Archive for the ‘Malaysian Tourism’ Category


TUN MUSTAPHA MARINE PARK FINALLY GAZETTED; PROTECTED SABAH MARINE PARKS NOW TOTAL 2 MILLION HECTARES OF CORAL REEF, MANGROVE, SEA-GRASS AND PRODUCTIVE FISHING GROUNDS COVERING MORE THAN 50 ISLAND.

The State Government has officially gazetted 898,762.76 hectares in the northern seas of Sabah as the TUN MUSTAPHA MARINE PARK.The move comes after more than 13 years of preparatory work led by Sabah Parks with government agencies, local communities, international partners and with support from non-governmental organisation i.e WWF-Malaysia.

State Tourism, Culture and Environment Minister Datuk Masidi Manjun tweeted the new marine park, Thursday, as being the biggest in the country and the newest conservation initiative carried out by the State Government.


“Its done! Tun Mustapha Marine Park in northern Sabah is gazetted,” he said, accompanied by a photo of the state gazette dated May 19.

The park is located off Kudat, Kota Marudu and Pitas right up to the Straits of Balabac, where the Sulu Sea and South China Sea meet in the northern part of Sabah.

With the declaration, the size of protected marine parks in Sabah now stretches to about two million hectares.

“Efforts to gazette the park has been carried out through consultations with various parties with interest in the area,” he said.

The area covers 50 islands and includes the three main ones of Pulau Banggi, Pulau Balambangan and Pulau Malawali with more than 180,000 people living in the coastal areas and islands.

It was earlier reported that such a move was the only means of protecting sharks in the area due to the reluctance of the Federal Government to legislate a ban on shark hunting.

” The area is rich in various marine life and located within the coral triangle covering waters within Luzon Island in the Philippines, Bali in Indonesia and the Solomon Islands in the Pacific Ocean.

” The triangle area has over 500 species of corals that is the habitat of numerous marine life. This includes 243 invertebrate species, 550 fish species, four species of turtles, dugongs, crocodiles and sharks,” he said.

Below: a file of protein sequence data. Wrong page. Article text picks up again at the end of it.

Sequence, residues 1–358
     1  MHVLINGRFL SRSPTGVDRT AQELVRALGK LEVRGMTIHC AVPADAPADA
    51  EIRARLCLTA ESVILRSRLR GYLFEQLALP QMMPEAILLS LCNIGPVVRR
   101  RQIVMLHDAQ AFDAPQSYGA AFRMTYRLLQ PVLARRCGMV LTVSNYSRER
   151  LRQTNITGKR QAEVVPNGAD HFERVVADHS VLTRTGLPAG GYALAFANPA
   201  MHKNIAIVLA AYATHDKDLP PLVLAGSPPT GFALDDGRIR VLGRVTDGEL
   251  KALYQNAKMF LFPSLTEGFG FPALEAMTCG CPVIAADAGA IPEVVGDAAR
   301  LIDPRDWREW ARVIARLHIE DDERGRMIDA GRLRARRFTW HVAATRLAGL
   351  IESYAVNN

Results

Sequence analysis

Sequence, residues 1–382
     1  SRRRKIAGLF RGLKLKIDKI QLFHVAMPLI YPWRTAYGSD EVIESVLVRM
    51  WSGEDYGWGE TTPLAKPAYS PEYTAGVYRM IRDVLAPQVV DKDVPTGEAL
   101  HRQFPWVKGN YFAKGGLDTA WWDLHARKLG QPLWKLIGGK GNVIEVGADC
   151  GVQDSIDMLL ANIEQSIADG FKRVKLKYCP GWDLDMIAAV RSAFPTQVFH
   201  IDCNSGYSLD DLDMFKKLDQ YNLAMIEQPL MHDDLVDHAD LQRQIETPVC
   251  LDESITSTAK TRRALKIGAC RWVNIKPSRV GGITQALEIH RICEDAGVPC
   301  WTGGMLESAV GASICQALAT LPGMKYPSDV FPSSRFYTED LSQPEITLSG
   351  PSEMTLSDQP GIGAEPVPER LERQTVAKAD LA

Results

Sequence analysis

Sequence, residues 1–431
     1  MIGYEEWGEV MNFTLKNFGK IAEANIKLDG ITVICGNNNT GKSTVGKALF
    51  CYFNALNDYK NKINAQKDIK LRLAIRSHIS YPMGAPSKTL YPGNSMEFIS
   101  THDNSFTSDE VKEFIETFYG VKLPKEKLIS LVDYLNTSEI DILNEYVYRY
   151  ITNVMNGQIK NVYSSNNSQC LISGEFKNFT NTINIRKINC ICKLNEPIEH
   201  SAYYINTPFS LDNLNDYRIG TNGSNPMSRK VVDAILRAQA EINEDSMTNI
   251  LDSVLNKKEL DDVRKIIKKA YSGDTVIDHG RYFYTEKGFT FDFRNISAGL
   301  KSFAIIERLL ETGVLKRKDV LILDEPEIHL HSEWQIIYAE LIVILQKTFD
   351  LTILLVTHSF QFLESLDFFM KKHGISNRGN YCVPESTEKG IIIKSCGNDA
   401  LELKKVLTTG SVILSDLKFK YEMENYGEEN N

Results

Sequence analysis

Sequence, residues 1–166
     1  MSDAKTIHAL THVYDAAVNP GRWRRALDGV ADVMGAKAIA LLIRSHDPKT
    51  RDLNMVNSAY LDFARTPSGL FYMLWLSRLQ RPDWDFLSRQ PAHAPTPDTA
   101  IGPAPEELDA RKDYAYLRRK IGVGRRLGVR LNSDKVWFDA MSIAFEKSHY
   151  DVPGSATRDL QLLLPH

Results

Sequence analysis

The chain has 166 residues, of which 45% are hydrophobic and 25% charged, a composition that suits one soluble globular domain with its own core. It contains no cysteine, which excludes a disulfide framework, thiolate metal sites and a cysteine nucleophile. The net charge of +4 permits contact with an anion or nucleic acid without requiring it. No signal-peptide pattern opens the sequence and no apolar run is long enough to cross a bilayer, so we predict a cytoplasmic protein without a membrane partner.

As an open marine park, the Tun Mustapha Marine Park will be managed through a collaboration between various bodies involving both government and non-governmental organisations, as well as local communities, said Masidi.

Towards this end, he said the areas are divided into six zones, involving a conservation zone, community-use-zone, multi-use zone, commercial fishing zone, special fish management zone and aquaculture zone, adding that the park was gazetted under the International Union for Conservation of Nature (IUCN) Category Six.

This involves protected areas being set up to conserve ecosystems and habitats, together with associated cultural values and traditional natural resource management systems.

The marine park was first proposed in 2000, with the State Government approving its establishment on March 5, 2003.

The gazetting of the park had undergone various stages like public hearings from 2012 to 2015 as well as public consultations on the park zoning from 2012 to 2013.

The framework of management plan was drafted in July 2012 and was completed along with its gazetting plans, with the government planning to launch the new marine park in June this year.

Tun Mustapha Park is evidence of Musa Aman’s commitment to the Coral Triangle Initiative and contribution towards meeting the Aichi Biodiversity Target of at least 10% marine areas protected and managed.


The recent Sabah Quake has left a very damaging effect on Sabah and her people in all forms. The physical, psychological, spiritual trauma felt by Sabahans and friends of Sabah is one that cannot be erased so easily. As someone who has called Sabah my home for many years, I believe I speak for many that the Sabah Quake is a reminder of how insignificant we are to a land that had provided so much for so many. Clearly, life as we live it must take into account natures very living presence that is in as much of a position as human beings are in determining both life and death.

However, what I foresee to be the greatest burden befallen those effected by the quake is an economical one.The quake took 18 lives and left almost 20 people wounded and hurt. Over a hundred climbers were left stranded on the mountain, without other viable exit routes. Numerous homes and building in approximately 18 districts suffered structurally and more than 80 aftershocks recorded by the Meteorological Department, many more will soon be reported.